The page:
10 Seafaring Excursions Worth Navigating This Summer

It’s high tide for boating season. Local mariners have a wealth of hideaways and destinations to set their GPS to, but few have the insights Matthew Levy can offer. As sales manager of Modern Yachts, Levy is working with customers at Modern’s Mattituck, Hampton Bays and Westhampton Beach locations, coming in contact with boaters of all stripes. Levy shared some of his favorite excursions, and we added a few of our own choice anchorages, for a comprehensive nautical bucket list.

Eavesdrop On A Concert
Anchor in Zachs Bay and listen to concerts happening at Nikon at Jones Beach Theater. The bay is near Field 5, where a small beach and concessions can be had for those who get there early enough (and find a way onto shore). At night, the water carries the acoustics off the stage straight to the bow. It’s a veritable rite of passage for South Shore boating.

Watch the Sunset Just for You
There are many places around Long Island to catch a beautiful sunset, but Levy recommends West Neck Harbor off Shelter Island. The harbor is sizable and generally quiet, giving boaters plenty of room to enjoy the view. The anchorage is also on the southwest corner of the harbor (i.e. facing sunset). “West Neck is something I try to push my customers to go see,” Levy said. The bottom is sandy and 10–15-feet deep in most areas, a safe place to leave the ship and rest sea legs ashore at SALT Waterfront Bar and Grill. Ahoy: entering the harbor can be tricky and worth checking the navigation beforehand.

Make an Ocean Run
Most boaters avoid the Atlantic Ocean to go from Shinnecock Bay to Moriches Bay or the other way around. When the waters are rough, that’s understandable. But Levy said nothing beats an open run along the ocean on calmer days. “A lot of boaters are scared, but on a nice, calm day, that 15-20 mile stretch of white sand beach and the ocean is just a gorgeous run.”


Enjoy Sag Harbor, Past and Present
Levy said a trip to Sag Harbor, which was the epicenter of whaling in the 1800s, is a must. And not just to dock and take in the history. Nowadays, “it’s like a mini-version of Miami,” with boats from 17- to 300-feet long taking up space in the harbor.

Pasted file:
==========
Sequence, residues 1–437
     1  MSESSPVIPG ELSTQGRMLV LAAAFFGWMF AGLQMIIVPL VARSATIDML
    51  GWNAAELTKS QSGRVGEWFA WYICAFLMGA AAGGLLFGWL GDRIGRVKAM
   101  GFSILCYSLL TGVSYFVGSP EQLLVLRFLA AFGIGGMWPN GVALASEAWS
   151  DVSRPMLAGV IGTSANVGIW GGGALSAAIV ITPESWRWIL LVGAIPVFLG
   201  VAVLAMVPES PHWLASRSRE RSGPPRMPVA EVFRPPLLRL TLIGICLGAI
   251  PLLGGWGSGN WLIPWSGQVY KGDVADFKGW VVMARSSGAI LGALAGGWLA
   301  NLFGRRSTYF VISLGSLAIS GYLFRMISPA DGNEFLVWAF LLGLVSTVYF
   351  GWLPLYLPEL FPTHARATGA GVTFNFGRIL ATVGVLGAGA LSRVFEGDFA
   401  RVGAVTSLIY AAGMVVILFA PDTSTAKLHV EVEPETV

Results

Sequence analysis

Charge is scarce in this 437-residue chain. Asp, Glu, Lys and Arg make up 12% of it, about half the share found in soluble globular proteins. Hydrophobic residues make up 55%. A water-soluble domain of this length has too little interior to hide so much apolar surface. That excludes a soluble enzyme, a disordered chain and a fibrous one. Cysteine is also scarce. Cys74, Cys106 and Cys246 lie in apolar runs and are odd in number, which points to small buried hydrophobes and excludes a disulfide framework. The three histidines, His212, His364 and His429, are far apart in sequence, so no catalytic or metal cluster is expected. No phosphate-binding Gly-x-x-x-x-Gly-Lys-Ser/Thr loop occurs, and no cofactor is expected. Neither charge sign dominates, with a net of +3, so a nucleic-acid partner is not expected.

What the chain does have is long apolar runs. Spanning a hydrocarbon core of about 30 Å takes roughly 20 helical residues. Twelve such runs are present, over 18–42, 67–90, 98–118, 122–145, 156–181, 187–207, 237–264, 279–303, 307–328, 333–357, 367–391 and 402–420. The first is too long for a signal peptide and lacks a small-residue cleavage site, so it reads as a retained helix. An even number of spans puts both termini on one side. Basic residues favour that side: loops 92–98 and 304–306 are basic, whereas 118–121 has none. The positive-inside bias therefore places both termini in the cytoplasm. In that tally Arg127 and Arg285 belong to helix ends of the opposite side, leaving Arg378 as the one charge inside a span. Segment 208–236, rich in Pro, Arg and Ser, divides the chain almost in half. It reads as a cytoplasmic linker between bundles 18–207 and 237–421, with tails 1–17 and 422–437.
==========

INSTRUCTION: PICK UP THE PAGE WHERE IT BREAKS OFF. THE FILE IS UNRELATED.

Hire A Captain
Everyone has seen Manhattan’s skyline while on final approach to JFK or en route to the Midtown Tunnel, but from the water? That’s usually reserved for ferry commuters and the select brave souls ready to chart some of the busiest waters in the country. Similar to being a passenger in a car, letting someone else take the wheel offers the freedom to worry about nothing but taking in the scenery. Levy’s company has captains for hire who can navigate the Hudson or East rivers, leaving customers to fully enjoy the experience.

Get to Greenport
Join the maritime fun in Greenport for two big events in particular. First, during July 4 weekend Tall Ships America will feature the Hermione frigate, an exact replica of the ship that brought French General Marquis de Lafayette to America. The second big event is the annual Maritime Festival, set for Sept 25-27, which draws 40,000 people and hundreds of boaters from across Long Island, Connecticut and beyond.


Water and Fireworks
What better way to take in great 4th of July displays than from the water? Bobbing gently in the privacy of a boat while fireworks cascade overhead is an otherworldly experience. Port Jefferson and Northport harbors are among the best spots on The Sound. South Shore standouts include Moriches Bay, Conscience Point in Southampton, Westhampton Beach, Ocean Beach and Long Beach. Dates vary.

Escape to Fire Island
Levy said Fire Island is a huge attraction for customers looking to avoid the hectic summertime in the Hamptons. He suggested docking at Watch Hill, Ocean Bay Park or Ocean Beach, where there’s no road noise because cars aren’t allowed but there are still numerous eateries and services nearby.

Head to Montauk: The End and The Beginning
Montauk Point is not only home to the Montauk Lighthouse, it is also a good spot to catch fish ranging from striped bass to tuna to fluke. Plus, it’s a stopping point for those going on to further destinations such as Block Island or Newport, Rhode Island. Manhattanites can also get to Montauk faster by boat than by car during peak summer travel season, Levy noted. (Well, sometimes.)

Just Go
The last place is the simplest of all to find: it’s wherever the day takes you. As Levy said, “There is so much here, especially in the Peconic area, you don’t really need to pick a destination. You just need to go.”

carl corry

Carl Corry is an associate editor at Long Island Pulse. Have a story idea or just want to say hello? Email carl@lipulse.com or reach out on Twitter @carlcorry